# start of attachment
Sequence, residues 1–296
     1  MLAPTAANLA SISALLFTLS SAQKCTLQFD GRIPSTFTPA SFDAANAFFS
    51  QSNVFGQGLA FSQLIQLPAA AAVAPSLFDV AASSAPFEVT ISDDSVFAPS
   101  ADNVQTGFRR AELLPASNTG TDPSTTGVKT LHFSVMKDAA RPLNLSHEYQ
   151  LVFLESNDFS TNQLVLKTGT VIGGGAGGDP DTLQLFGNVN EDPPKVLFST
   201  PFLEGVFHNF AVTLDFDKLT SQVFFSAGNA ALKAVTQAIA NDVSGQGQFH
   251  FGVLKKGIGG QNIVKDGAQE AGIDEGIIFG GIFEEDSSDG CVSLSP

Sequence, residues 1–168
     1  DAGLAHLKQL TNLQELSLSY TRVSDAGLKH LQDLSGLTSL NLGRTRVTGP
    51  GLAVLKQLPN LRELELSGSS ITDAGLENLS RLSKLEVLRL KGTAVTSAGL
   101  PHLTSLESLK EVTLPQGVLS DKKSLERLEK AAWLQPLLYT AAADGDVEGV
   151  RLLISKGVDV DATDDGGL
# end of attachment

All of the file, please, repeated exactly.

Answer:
Sequence, residues 1–296
     1  MLAPTAANLA SISALLFTLS SAQKCTLQFD GRIPSTFTPA SFDAANAFFS
    51  QSNVFGQGLA FSQLIQLPAA AAVAPSLFDV AASSAPFEVT ISDDSVFAPS
   101  ADNVQTGFRR AELLPASNTG TDPSTTGVKT LHFSVMKDAA RPLNLSHEYQ
   151  LVFLESNDFS TNQLVLKTGT VIGGGAGGDP DTLQLFGNVN EDPPKVLFST
   201  PFLEGVFHNF AVTLDFDKLT SQVFFSAGNA ALKAVTQAIA NDVSGQGQFH
   251  FGVLKKGIGG QNIVKDGAQE AGIDEGIIFG GIFEEDSSDG CVSLSP

Sequence, residues 1–168
     1  DAGLAHLKQL TNLQELSLSY TRVSDAGLKH LQDLSGLTSL NLGRTRVTGP
    51  GLAVLKQLPN LRELELSGSS ITDAGLENLS RLSKLEVLRL KGTAVTSAGL
   101  PHLTSLESLK EVTLPQGVLS DKKSLERLEK AAWLQPLLYT AAADGDVEGV
   151  RLLISKGVDV DATDDGGL